Search Images Maps Play YouTube News Gmail Drive More »
Sign in
Screen reader users: click this link for accessible mode. Accessible mode has the same essential features but works better with your reader.

Patents

  1. Advanced Patent Search
Publication numberUS6492469 B2
Publication typeGrant
Application numberUS 10/106,265
Publication dateDec 10, 2002
Filing dateMar 26, 2002
Priority dateApr 23, 1999
Fee statusPaid
Also published asUS6391981, US6492466, US20020143115, US20020151658
Publication number10106265, 106265, US 6492469 B2, US 6492469B2, US-B2-6492469, US6492469 B2, US6492469B2
InventorsCarl Lesley Willis, Robert Charles Bening, Peter Taylor Murany, Steven Jon Weddle, Dale Lee Handlin, Jr.
Original AssigneeKraton Polymers U.S. Llc
Export CitationBiBTeX, EndNote, RefMan
External Links: USPTO, USPTO Assignment, Espacenet
Increased throughput in the manufacture of anionic polymers by reduction in polymers by reduction in polymer cement viscosity through the addition of metal alkyls
US 6492469 B2
Abstract
The present invention is an improvement upon the known method of anionically polymerizing monomers by contacting the monomers with an anionic polymerization initiator which is an organo-substituted alkali metal compound. The improvement comprises decreasing the viscosity of the polymer cement by adding at least 0.01 equivalent of a metal alkyl compound per equivalent of alkali metal initiator if the metal alkyl is added before or at the beginning of polymerization. If the metal alkyl is added during the polymerization or after but before the living polymer is terminated, then at least 0.01 equivalent of the metal alkyl compound per equivalent of living polymer chain ends is should be used. The alkyl groups of the metal alkyl are chosen such that they do not exchange with the organo substituents of the alkali metal, which can be the living polymer chain ends or the organo substituents of the initiator. To avoid this undesired exchange reaction, the alkyl groups of the metal alkyl compound are selected to be more basic and/or less bulky or both than the organo substituents of the alkali metal compound.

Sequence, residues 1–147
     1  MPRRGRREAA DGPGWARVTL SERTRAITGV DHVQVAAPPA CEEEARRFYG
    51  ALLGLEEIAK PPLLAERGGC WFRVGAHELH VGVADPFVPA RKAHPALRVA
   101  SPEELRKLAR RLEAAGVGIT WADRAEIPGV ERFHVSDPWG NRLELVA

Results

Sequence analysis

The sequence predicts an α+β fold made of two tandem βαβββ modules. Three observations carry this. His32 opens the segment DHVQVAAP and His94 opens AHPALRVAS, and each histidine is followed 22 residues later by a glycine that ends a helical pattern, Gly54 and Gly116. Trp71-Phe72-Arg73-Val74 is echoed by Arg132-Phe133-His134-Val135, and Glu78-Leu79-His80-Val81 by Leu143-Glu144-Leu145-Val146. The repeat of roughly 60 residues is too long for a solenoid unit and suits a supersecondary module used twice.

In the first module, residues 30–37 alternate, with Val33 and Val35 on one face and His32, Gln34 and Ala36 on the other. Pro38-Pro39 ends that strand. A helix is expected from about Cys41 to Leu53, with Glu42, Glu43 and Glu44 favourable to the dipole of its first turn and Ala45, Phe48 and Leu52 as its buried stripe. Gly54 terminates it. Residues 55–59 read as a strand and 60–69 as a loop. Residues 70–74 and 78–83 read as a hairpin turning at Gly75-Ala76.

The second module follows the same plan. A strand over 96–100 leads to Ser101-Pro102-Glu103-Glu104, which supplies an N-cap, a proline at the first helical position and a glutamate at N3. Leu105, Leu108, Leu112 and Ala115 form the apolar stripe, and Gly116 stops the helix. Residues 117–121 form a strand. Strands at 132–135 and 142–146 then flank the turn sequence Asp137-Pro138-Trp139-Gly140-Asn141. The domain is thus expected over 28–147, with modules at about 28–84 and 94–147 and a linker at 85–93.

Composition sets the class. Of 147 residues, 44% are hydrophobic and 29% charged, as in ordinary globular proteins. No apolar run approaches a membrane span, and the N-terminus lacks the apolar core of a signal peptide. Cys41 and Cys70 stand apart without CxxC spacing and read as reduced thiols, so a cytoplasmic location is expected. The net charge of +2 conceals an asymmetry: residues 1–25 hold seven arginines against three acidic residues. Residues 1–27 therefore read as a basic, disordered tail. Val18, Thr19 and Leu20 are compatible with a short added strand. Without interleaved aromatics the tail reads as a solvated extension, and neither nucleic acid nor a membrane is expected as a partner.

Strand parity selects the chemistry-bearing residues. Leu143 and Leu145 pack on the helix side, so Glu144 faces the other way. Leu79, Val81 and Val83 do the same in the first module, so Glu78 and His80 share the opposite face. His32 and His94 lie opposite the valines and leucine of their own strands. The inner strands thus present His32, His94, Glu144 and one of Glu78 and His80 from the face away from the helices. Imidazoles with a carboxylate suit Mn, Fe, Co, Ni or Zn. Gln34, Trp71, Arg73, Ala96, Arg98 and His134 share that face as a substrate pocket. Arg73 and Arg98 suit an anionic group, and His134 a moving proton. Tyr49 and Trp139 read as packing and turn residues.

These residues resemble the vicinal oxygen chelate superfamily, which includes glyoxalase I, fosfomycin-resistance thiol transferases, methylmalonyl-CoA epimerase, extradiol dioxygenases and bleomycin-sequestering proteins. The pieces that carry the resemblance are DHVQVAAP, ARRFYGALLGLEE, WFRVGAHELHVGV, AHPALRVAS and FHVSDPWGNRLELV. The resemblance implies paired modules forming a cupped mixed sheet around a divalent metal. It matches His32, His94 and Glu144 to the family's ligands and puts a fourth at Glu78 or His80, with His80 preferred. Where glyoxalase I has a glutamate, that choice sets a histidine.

Images(10)
Previous page
Next page
Claims(10)
We claim:
1. A method for anionically polymerizing monomers, comprising:
a) forming a reaction mixture by contacting monomers with a mono- or multi-functional anionic polymerization initiator, wherein the polymerization initiator is an organo-substituted alkali metal compound in a suitable solvent;
b) adding to (a) before, or at the beginning of polymerization, at least 0.01 equivalents of a metal alkyl compound per equivalent of alkali metal to reduce the viscosity of the reaction mixture, wherein the alkyl groups of the metal alkyl compound are chosen so that they will not exchange with the alkali metal.
2. The method of claim 1, wherein from 0.01 to 1.5 equivalents of the metal alkyl compound per equivalent of the alkali metal.
3. The method of claim 1, wherein from 0.01 to 1.0 equivalents of the metal alkyl compound per equivalent of the alkali metal.
4. The method of claim 1, wherein the metal alkyl compound is selected from the group consisting of aluminum, zinc, boron, and magnesium alkyls having from 1 to 20 carbon atoms per alkyl substituent.